If the original AR-180 or AR-18, if you prefer, was manufactured like the BN-180, it
might have made actual inroads with regard to military service beyond a handful of third-world

We’ve also seen rifles shrink. In the civilian market, shooters want smaller rifles with shorter barrels. While the AR works pretty well with short barrels, there are systems that offer a higher degree of reliability with a shorter barrel. Gas piston guns, in particular, tend to be well-suited for short-barreled designs.

The same goes for suppressors. DI guns work well with suppressors but get even dirtier faster. Gas piston guns tend to work a little better suppressed and don’t quite get as filthy.

Finally, we get to the same basic idea that’s driven all of gun design. Can we make it better in some way? Can it be more reliable? More accurate? Offer lower recoil? Can it be easier to manufacture, easier to use, or easier to fix? Those all drive small advancements.

Notable New AR Alternatives


The PWS UXR is pretty far from the AR in design. It does come in 5.56, it can use AR mags, and the lower receiver controls are pretty AR-like in their design. Outside of that, the UXR is a fascinating rifle. It’s a long-stroke gas piston gun for one. Next, it uses a modular system unlike any other.

author shooting PWS UXR
The PWS UXR might be one of the most modern rifles on the market.

Users can easily swap barrels and calibers with a single tool. The lower separates into a firing control group and a magwell, which allows you to swap mags to swap to calibers like .308 from 5.56. You can use AK mags in the gun, SR-25 mags, and more. It’s the most modular rifle I’m aware of, and PWS seems to have big plans for their new rifle. I hope it succeeds, but the $2,500 price tag might be a turn-off for some.

Zenith ZF 56

Zenith is known for its variety of MP5 clones, but this year, they released a proper rifle. The ZF 56 is a 5.56-caliber rifle that uses the roller-delayed blowback action of HK and CETME rifles. A roller-delayed 5.56 isn’t totally new, but the Zenith take certainly is. It does use a very AR-like upper and lower combination. You can easily mount AR stocks to the gun, but there are several other options.

Zenith ZF-56 Roller-Delayed Blowback 5.56 Rifle
The Zenith ZF-56 Roller-Delayed Blowback 5.56 Rifle is designed for durability and reliable performance. (Photo credit: Zenith Firearms)

The gun uses an M-LOK handguard and AR-15 magazines. It’s a very modern design that isn’t clinging to the Cold War nostalgia of the MP5. It’s a modern take that does deliver the benefits of the roller-delayed action to a new generation of rifles.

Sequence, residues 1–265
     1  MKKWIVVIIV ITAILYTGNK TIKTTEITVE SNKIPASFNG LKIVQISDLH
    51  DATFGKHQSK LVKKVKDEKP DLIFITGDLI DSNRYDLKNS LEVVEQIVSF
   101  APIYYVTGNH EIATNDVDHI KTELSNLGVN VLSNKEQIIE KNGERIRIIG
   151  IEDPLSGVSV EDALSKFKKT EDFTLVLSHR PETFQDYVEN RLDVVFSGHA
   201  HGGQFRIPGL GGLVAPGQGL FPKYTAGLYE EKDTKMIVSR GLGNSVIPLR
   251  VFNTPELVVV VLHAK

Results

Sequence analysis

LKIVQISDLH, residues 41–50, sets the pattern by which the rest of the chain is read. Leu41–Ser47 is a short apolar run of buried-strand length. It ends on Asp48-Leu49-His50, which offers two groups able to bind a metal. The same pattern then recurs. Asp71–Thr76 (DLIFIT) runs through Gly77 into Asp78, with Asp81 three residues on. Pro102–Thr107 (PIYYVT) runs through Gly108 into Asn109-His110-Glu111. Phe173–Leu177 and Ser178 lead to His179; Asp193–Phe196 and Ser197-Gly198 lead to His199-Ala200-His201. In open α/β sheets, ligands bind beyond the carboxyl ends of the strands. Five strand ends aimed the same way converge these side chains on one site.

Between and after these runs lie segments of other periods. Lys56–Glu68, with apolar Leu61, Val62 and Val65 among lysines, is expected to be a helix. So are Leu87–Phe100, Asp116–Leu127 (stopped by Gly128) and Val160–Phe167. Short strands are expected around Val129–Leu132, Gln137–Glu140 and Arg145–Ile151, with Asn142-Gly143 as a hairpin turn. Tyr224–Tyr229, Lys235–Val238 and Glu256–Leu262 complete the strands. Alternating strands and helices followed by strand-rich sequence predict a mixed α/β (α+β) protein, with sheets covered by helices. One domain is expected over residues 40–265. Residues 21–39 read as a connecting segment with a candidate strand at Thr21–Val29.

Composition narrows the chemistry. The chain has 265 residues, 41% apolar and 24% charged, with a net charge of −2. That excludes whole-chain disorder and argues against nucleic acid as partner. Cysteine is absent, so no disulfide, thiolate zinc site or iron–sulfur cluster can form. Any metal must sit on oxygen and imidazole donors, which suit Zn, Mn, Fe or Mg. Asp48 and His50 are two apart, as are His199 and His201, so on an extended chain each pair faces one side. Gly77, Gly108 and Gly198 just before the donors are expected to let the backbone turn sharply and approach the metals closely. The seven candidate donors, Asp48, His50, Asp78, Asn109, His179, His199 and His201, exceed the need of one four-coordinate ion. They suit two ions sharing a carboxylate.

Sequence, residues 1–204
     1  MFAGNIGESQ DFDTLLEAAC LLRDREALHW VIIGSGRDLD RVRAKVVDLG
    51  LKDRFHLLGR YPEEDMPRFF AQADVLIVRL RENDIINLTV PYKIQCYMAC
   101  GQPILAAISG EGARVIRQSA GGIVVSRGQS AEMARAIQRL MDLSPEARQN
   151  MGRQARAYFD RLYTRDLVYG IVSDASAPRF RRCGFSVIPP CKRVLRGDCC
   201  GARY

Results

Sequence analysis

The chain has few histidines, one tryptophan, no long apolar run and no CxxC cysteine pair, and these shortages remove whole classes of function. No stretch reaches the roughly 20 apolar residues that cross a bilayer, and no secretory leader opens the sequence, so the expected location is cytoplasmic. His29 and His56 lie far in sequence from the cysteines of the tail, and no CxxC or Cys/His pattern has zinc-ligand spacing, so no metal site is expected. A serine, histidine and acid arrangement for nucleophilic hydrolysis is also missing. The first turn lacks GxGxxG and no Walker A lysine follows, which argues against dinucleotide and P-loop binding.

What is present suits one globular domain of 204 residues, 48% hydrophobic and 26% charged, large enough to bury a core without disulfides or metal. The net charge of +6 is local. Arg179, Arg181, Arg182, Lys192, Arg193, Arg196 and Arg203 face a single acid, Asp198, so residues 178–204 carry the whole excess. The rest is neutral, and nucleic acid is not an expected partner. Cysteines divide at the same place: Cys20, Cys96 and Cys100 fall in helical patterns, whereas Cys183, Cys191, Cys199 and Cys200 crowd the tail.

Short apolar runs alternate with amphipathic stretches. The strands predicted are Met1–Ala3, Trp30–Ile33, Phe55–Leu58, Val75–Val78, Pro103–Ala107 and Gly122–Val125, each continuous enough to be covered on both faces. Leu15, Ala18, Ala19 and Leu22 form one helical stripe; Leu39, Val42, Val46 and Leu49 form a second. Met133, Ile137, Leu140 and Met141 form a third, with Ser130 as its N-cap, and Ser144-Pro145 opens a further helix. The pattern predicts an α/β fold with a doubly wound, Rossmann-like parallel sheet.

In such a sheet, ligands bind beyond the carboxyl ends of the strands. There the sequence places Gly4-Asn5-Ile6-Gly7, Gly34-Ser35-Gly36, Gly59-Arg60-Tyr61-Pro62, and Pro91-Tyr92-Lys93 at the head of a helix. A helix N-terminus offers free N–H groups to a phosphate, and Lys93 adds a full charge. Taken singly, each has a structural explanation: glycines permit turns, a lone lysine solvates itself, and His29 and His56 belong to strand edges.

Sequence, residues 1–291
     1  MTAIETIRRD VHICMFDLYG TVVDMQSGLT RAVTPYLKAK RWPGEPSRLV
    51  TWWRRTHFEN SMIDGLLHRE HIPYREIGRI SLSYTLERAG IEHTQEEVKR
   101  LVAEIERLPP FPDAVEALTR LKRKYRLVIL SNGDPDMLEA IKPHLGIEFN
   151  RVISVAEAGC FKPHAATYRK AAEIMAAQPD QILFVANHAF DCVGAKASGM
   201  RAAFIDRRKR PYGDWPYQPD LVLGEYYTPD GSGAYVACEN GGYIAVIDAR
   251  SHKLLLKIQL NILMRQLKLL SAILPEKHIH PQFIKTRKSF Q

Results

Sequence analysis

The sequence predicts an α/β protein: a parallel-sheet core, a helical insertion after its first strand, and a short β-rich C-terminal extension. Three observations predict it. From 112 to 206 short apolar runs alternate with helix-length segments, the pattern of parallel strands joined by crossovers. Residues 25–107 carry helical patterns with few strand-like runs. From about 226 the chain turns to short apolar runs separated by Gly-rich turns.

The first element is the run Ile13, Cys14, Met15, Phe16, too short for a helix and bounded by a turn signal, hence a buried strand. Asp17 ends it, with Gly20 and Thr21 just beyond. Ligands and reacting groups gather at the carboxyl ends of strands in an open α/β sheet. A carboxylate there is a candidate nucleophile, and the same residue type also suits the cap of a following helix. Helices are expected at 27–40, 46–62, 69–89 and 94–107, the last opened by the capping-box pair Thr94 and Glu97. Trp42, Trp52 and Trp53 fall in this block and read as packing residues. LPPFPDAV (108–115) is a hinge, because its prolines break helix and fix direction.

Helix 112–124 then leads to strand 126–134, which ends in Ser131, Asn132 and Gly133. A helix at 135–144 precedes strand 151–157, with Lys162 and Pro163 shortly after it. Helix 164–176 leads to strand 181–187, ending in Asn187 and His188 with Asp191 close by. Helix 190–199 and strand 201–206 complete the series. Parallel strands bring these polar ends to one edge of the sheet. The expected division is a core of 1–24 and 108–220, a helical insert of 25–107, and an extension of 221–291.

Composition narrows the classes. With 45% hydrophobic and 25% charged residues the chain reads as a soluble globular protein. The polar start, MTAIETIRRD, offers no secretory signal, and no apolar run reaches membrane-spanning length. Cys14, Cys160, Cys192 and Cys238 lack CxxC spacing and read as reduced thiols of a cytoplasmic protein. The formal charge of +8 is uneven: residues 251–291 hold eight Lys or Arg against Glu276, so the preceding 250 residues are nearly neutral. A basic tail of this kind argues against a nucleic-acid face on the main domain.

IWI Carmel

The IWI Carmel is better compared to an AR-18 than an AR-15. It uses a short-stroke gas piston system. This offers you slightly lower recoil and a cleaner, cooler operating system that works more reliably with short barrels and suppressors. The Carmel brings a very modern rifle design to the market.

IWI Carmel
The IWI Carmel is a solid rifle with a bright future.

All the controls are either ambidextrous or easily reversible. The gun has a monolithic upper rail system, an M-LOK handguard, and a folding and collapsing stock. The rifle has three gas settings for suppressors, adverse conditions, or regular use. The barrel can be quickly removed and easily swapped to shorter lengths. The Masada isn’t radical, but it’s clearly a well-thought-out rifle.

ARs Forever

Nothing lasts forever, but I highly doubt we’ve seen the end of the AR-15. It’s just too dominant to go quietly into retirement. In fact, until we see a radical development in ammunition or material design, the AR-15 will still keep up pretty well with all these new rifles. It’s still nice to know the industry hasn’t completely stopped with Sotner’s 1950s design.

Travis Pike is a former Marine Machine Gunner and a lifelong firearms enthusiast. Now that his days of working a 240B like Charlie Parker on the sax are over he's a regular guy who likes to shoot, write, and find ways to combine the two. He holds an NRA certification as a Basic Pistol Instructor and is probably most likely the world's Okayest firearm instructor. He is a simplicisist when it comes to talking about himself in the 3rd person and a self-professed tactical hipster. Hit him up on Instagram, @travis.l.pike, with story ideas.